Matal, United States Patent and Trademark Office v. Tam


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Simon Shiao Tam, an Asian American, is the founder and leader of a dance-rock band called “The Slants.” Tam’s goal in forming the band was not only to play music; he also saw it as a medium to express his concern with discrimination against Asian Americans. That’s why he hired Asian-American band members; and that’s why he called the band The Slants. It was his way of transforming an insulting term into a “badge of pride” (sometimes called “reappropriation”). In Tam’s words, “We want to take on these stereotypes that people have about us, like the slanted eyes, and own them.”

In 2011, Tam filed an application to register THE SLANTS as a trademark. Under a section of the federal Lanham Act (the “disparagement” clause), the Patent and Trademark Office (PTO) is supposed to refuse to register trademarks that “disparage . . . persons, living or dead, institutions, beliefs, or national symbols.” Believing that THE SLANTS refers to and disparages “persons of Asian ancestry,” the PTO refused registration.

Tam appealed the PTO’s decision, claiming, first, that the term THE SLANTS is not disparaging—at least not in the way the band used it. To Tam, the PTO failed to consider the context of the speech, which was the opposite of disparaging; it was an attempt at reclamation. Second, Tam argued that the “disparagement” clause of the Lanham Act violates the First Amendment.

After Tam won in a lower court, the United States (for the PTO) asked the U.S. Supreme Court to hear the case and reverse the lower court’s decision.

JUSTICE ALITO announced the judgment of the Court and delivered the opinion of the Court.

This case concerns a dance-rock band’s application for federal trademark registration of the band’s name, “The Slants.” “Slants” is a derogatory term for persons of Asian descent, and members of the band are Asian-Americans. But the band members believe that by taking that slur as the name of their group, they will help to “reclaim” the term and drain its denigrating force.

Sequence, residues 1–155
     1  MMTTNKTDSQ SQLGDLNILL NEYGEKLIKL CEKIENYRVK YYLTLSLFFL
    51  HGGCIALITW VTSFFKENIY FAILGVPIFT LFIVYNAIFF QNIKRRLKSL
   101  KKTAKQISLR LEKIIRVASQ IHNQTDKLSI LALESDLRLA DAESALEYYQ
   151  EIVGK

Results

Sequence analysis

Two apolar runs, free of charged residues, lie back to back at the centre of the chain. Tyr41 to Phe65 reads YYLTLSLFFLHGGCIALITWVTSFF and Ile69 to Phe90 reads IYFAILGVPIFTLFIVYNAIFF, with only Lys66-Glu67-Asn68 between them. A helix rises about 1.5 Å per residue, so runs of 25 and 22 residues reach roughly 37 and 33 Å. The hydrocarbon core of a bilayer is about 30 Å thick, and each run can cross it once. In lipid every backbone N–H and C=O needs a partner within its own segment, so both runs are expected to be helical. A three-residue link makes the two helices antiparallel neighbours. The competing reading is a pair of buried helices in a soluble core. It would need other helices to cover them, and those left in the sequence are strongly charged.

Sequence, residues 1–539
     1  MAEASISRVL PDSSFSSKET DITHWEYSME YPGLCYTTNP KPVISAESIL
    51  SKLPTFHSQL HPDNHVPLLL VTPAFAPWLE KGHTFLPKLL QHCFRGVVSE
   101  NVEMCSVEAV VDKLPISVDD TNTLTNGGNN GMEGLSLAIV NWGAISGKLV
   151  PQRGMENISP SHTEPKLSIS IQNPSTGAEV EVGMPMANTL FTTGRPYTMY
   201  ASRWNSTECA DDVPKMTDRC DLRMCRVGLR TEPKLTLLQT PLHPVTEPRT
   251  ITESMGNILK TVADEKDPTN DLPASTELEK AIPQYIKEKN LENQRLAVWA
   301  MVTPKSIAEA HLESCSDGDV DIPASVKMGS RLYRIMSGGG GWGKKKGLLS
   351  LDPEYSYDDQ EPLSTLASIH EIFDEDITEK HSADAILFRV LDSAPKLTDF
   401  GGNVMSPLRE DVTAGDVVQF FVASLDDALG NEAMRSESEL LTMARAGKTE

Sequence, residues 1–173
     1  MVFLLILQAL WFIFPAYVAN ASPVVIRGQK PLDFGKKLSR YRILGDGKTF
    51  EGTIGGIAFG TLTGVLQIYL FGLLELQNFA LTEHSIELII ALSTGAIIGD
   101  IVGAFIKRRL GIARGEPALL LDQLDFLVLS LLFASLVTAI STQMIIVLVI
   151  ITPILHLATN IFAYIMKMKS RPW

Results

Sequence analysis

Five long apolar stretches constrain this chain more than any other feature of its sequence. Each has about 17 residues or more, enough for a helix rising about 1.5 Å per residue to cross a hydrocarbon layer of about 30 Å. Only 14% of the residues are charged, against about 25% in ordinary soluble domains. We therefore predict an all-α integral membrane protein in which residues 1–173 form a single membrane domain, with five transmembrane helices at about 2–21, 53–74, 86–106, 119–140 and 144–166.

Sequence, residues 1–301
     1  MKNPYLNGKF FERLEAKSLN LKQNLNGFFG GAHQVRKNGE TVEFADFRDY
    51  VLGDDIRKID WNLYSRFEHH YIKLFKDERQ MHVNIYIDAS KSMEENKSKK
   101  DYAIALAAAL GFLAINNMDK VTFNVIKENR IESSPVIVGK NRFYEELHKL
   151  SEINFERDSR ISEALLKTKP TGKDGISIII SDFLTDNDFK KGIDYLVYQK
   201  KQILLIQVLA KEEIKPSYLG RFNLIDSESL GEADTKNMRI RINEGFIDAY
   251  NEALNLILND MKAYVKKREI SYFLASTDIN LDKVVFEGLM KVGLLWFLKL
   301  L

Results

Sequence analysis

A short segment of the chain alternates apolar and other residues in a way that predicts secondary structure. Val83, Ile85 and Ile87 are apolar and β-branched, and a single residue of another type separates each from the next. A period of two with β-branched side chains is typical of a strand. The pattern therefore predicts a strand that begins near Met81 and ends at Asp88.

The Patent and Trademark Office (PTO) denied the application based on a provision of federal law prohibiting the registration of trademarks that may “disparage . . . or bring . . . into contemp[t] or disrepute” any “persons, living or dead.” . . .

We must decide whether the [disparagement] clause violates the Free Speech Clause of the First Amendment. And at the outset, we must consider . . . arguments that would either eliminate any First Amendment protection or result in highly permissive rational-basis review. Specifically, the Government contends (1) that trademarks are government speech, not private speech, (2) that trademarks are a form of government subsidy, (3) that the constitutionality of the disparagement clause should be tested under a new “government-program” doctrine. 

We address each of these arguments below. . . .

The First Amendment prohibits Congress and other government entities and actors from “abridging the freedom of speech”; the First Amendment does not say that Congress and other government entities must abridge their own ability to speak freely. And our cases recognize that “[t]he Free Speech Clause . . . does not regulate government speech.” . . .